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Wednesday, 27 June 2018
Page: 4206

Senator GEORGIOU (Western Australia) (18:34): I begin by saying that the One Nation-led Senate inquiry into rural lending was the catalyst for the current banking royal commission. The One Nation-led inquiry uncovered unconscionable and dishonest conduct by banks and by receiver managers. We heard stories of farmers having their interest rates raised by up to 80 per cent, and receiver managers charging them over $500 an hour to act on their behalf. In one case, we heard testimony from a Western Australian farmer who had been charged over $500,000 just to sell his sheep and his grain crop, which were worth about the same value. The entire proceeds from the sale were taken by the bank's receivers. This is nothing short of legalised theft.

There have been over 17 government inquiries into bank misconduct recently, and concerns about misconduct and regulatory failures have been the common theme. When the One Nation-led Senate report was tabled last year, Pauline Hanson called for a banking royal commission. The Turnbull government rejected these calls, saying that a royal commission was not needed as they had acted to clean up the industry. I raised this issue in this chamber last November, asking Senator Brandis:

When will the Liberal Party and the Prime Minister wake up … and hold a royal commission on the banks?

Senator Brandis replied:

The problem with a royal commission is that it will take forever and achieve nothing.

Well, just how wrong and out of touch is this Liberal government? The Liberal Minister for Revenue and Financial Services, Kelly O'Dwyer, has repeatedly avoided answering questions on whether it was wrong to delay establishing a royal commission after weeks of shocking revelations. She should admit that we have all been appalled by the number of issues that have been aired at the royal commission.

The unfortunate thing about this royal commission is that it appears the banks and the government have colluded to write the terms of reference, as they conveniently omit references to bank-appointed receiver managers, one of the most problematic areas. It is almost totally unregulated and subject to many damning reports. Last month, the banking royal commission devoted just two weeks to small business lending and foreclosures. This is inappropriate, given the issues raised in numerous past Senate inquiries, the magnitude of the misconduct and the complexity of the evidence.

The commission heard stories of misconduct by bank-appointed receivers that raised serious concerns, yet these issues were not allowed to be considered as they fall outside the terms of reference. The Australian Small Business and Family Enterprise Ombudsman, Kate Carnell, has expressed dismay at the brief period allocated to small businesses. The same thing happened in Brisbane this week when cases of rural lending were heard, with more stories of unconscionable and dishonest bank-appointed receivers and agents falling outside the commission's terms of reference.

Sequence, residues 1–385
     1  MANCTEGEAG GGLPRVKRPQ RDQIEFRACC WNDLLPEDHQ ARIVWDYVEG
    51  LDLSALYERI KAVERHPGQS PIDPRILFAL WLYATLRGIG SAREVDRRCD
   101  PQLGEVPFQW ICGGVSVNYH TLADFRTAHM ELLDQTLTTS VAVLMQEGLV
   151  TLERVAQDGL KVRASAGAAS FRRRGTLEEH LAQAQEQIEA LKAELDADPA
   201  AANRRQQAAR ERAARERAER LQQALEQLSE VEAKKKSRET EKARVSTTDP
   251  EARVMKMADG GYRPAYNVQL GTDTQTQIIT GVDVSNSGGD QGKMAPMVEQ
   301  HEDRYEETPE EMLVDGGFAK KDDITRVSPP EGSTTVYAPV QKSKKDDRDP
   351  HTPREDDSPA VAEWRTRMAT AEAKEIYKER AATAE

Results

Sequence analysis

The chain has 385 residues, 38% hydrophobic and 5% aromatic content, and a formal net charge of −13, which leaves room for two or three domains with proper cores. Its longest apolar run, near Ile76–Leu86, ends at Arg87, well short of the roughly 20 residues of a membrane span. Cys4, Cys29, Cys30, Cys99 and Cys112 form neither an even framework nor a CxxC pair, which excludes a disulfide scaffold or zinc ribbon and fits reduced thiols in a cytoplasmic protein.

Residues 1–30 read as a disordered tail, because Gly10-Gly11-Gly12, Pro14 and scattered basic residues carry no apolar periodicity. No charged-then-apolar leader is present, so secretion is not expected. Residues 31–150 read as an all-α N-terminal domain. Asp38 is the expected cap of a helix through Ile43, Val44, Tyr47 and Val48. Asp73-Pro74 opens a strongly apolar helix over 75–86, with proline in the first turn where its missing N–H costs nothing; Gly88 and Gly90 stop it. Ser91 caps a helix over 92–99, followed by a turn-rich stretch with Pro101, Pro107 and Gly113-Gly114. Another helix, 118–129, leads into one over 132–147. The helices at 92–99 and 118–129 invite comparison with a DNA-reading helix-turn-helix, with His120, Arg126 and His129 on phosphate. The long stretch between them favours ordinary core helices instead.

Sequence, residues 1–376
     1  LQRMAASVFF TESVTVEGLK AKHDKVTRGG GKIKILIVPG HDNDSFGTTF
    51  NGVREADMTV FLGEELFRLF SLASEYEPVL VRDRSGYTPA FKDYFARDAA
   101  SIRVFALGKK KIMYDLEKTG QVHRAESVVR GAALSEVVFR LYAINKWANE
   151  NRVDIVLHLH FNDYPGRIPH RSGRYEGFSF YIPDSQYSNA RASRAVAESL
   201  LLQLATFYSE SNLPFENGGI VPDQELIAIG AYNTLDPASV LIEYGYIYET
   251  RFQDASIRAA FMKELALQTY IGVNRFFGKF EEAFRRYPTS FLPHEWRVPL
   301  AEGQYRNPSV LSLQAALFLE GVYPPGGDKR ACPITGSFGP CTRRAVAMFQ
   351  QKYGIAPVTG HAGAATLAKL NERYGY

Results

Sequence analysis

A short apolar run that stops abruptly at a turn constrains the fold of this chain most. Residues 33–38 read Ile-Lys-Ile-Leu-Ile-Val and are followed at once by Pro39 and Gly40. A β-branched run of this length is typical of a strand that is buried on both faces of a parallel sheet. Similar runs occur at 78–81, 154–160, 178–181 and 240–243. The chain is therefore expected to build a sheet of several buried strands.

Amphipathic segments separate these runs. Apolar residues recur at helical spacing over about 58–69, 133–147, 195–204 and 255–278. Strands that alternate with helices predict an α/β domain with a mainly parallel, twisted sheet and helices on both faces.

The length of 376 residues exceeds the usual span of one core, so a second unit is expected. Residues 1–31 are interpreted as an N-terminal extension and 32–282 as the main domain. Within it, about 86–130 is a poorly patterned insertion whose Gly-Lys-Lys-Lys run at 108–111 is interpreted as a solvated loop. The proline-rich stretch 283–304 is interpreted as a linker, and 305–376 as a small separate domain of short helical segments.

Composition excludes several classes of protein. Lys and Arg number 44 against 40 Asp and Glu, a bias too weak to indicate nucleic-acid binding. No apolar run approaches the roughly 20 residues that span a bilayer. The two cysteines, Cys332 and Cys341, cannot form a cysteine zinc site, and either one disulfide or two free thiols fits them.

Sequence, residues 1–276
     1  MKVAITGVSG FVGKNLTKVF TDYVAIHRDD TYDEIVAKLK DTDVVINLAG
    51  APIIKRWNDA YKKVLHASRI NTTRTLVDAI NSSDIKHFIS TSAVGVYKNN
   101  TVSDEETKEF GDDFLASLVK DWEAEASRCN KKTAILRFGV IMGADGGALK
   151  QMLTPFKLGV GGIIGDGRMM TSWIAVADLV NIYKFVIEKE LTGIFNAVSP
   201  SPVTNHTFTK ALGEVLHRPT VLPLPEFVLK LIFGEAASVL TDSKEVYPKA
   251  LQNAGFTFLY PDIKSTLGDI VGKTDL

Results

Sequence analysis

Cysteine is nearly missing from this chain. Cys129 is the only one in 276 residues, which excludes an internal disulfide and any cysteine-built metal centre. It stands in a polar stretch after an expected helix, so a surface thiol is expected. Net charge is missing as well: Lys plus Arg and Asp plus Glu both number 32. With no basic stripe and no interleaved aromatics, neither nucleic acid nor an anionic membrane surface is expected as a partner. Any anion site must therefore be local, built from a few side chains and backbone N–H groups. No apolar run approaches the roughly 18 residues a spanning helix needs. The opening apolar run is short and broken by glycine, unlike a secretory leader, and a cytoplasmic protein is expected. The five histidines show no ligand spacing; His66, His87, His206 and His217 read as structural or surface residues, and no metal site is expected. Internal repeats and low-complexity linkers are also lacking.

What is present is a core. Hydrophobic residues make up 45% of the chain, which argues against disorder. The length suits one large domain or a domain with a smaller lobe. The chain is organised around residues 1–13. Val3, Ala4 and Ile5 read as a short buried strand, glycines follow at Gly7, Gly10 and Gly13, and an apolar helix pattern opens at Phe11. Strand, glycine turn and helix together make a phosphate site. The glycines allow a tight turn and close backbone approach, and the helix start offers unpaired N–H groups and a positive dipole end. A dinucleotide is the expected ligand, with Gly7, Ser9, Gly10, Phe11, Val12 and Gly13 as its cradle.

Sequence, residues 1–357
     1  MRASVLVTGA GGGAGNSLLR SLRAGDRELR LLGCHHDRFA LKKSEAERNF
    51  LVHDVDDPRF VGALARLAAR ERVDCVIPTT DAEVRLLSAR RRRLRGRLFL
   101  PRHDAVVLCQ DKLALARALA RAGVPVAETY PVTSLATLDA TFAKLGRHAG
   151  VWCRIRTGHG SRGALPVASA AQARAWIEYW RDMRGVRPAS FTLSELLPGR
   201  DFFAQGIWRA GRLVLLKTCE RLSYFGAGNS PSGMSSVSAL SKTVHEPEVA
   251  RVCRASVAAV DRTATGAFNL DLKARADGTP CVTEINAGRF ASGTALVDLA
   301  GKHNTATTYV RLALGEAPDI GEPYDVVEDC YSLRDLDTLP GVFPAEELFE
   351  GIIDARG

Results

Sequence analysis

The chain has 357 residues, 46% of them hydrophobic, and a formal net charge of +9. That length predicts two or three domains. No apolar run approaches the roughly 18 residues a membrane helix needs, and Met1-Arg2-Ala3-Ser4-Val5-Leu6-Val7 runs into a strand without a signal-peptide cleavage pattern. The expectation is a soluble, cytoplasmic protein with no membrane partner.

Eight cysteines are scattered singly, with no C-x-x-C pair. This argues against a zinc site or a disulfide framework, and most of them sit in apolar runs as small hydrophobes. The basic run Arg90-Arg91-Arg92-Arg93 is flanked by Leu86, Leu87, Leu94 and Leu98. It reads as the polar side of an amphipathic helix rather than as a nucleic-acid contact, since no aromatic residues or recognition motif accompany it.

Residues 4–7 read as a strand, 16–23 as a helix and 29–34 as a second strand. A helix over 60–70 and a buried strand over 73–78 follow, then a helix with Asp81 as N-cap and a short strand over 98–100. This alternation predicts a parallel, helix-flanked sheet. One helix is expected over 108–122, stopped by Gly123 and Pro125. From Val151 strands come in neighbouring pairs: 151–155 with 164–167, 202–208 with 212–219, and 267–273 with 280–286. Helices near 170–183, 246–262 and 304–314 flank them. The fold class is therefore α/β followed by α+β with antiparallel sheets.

The commission's terms of reference need to be amended. The government has lobbied us to agree to cuts in the company tax rate that would effectively give banks millions in extra revenue at the cost of the Australian taxpayer. Senator Brandis was concerned about the cost of this royal commission, and here we have the government proposing tax cuts that would give the banks far in excess of the cost of this commission. It is in the interests of the nation that banking misconduct be exposed, and that past and present executives be held accountable. The cost of doing this is insignificant in comparison to the economic benefit gained by having an honest financial system.

I call on the government, firstly, to immediately extend the terms of reference for the banking royal commission to include receiver managers and bank-appointed agents, including valuers and independent accountants. Secondly, it should extend the time frame and funding for the royal commission in order to allow it to be more diligent and inquisitive in its investigation. If the government is serious about cleaning up the industry, it should agree to this. There is no justifiable reason not to. If the royal commission is to address the concerns of the many past inquiries, it must be given the powers to investigate and allowed significant time to do so.

Lastly, I would like to thank everyone in the Senate for supporting and getting this royal commission up; you know who you are.